Employee Benefit TrendsHR Resource
September 19, 2012 — 2,150 views
Employee benefits have been on the decline throughout the United States. These trends have been largely shaped by changes in employee benefits internationally and by surging healthcare costs. Most of the largest corporations located in the United States are outsourcing much of their labor to parts of the world that do not have very good benefits packages. This has lead to a trend of declining employee benefits domestically.
One of the reasons why employers in other parts of the world do not provide employee health benefits is that most of the employees receive national health insurance and social security.
Reasons for Rising Healthcare Costs
A major challenge that employers have faced is the increasing cost of providing healthcare benefits to employees. The growing healthcare costs are driven by an aging population that experiences more health conditions as a result of age-related disorders. Also, there have been a number of technological advancements that have been very expensive and these advancements have driven up the cost for medical treatments. Another factor that has recently driven up the cost of health insurance even further is the increasing number of uninsured Americans.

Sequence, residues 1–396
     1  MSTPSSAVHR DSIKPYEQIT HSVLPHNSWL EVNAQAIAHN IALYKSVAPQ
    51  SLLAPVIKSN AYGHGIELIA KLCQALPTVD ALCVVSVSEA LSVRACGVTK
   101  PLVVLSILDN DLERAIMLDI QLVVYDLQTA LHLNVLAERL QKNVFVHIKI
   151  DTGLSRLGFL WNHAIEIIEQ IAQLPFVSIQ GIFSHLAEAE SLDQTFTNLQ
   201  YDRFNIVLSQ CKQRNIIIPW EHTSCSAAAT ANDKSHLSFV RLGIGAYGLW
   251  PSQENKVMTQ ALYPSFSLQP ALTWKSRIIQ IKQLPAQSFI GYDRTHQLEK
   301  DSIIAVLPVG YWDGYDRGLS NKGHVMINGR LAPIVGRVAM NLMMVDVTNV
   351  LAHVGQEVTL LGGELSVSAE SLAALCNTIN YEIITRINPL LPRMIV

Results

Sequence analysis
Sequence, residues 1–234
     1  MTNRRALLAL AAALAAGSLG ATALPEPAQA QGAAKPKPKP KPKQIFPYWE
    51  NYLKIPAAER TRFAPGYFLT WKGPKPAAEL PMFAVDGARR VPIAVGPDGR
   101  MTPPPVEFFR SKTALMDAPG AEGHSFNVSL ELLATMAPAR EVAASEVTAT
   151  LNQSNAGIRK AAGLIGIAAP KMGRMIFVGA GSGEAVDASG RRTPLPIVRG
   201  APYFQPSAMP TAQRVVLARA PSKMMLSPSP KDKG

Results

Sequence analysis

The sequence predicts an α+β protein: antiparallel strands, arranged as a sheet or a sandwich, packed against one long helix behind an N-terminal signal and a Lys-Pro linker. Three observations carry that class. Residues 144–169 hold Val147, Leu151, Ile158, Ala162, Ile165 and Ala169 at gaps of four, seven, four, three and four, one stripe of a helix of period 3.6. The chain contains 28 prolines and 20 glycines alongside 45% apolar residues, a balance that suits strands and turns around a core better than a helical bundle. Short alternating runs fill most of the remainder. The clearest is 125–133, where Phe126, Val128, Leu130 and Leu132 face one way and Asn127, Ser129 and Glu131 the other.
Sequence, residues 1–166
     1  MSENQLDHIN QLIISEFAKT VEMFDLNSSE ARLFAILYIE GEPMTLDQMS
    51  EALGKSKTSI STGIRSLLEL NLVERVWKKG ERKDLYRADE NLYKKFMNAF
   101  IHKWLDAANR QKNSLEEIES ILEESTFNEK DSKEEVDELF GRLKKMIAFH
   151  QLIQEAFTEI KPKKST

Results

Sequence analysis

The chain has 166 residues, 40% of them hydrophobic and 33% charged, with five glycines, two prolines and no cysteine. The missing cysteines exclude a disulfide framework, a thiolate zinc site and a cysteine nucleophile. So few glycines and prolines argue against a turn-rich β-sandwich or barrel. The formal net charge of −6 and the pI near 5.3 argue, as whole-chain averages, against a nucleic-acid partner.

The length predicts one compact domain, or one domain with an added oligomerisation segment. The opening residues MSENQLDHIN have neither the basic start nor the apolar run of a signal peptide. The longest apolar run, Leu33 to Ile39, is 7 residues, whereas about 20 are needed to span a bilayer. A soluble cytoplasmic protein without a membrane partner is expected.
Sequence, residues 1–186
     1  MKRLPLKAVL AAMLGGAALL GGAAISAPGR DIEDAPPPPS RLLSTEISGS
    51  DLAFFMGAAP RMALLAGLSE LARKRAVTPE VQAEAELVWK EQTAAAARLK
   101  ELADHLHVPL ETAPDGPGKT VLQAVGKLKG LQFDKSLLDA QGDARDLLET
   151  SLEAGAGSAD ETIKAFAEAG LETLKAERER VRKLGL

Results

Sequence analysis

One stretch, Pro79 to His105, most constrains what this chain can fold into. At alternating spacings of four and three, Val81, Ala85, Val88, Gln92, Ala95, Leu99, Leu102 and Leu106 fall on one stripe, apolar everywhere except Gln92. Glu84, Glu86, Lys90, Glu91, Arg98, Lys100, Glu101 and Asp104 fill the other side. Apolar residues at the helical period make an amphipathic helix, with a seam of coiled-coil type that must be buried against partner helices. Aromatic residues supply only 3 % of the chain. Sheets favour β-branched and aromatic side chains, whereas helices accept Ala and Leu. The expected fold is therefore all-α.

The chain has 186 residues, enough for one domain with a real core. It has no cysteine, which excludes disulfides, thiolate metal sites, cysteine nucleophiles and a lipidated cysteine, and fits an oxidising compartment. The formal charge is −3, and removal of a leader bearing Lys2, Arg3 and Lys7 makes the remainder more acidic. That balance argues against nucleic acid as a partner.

Employers Prefer to Control Healthcare
Despite the declining health benefits, most employers prefer to have control over their employee’s health benefits and do not want a national healthcare plan. Also, businesses still see health benefits as an important aspect of attracting and retaining their most valuable workers.
For the past couple of decades, the number of employees who receive health benefits has remained largely stable. However, the types of insurance plans that employers offer have been declining. Employees have to pay higher premiums, co-pays and deductibles. They are also limited in how many medical services they can have covered.
Employer funding of retiree health insurance is declining and former employees are increasingly more likely to need to pay for health expenses. Also, the relationship between Medicare and retiree health benefits is becoming more complex as younger retirees are able to buy-in to Medicare.
Other Benefits Seeing a Decline
Less common benefits have been in greater decline, such as life insurance and disability insurance. Workers are receiving more offers for voluntary employee-pay-all benefits.
Attitudes of employees have changed in light of the recent recession. Employees are more likely to see long-term financial security as a bigger concern then they saw it in the past. As a result, retirement plans are more likely to attract this group.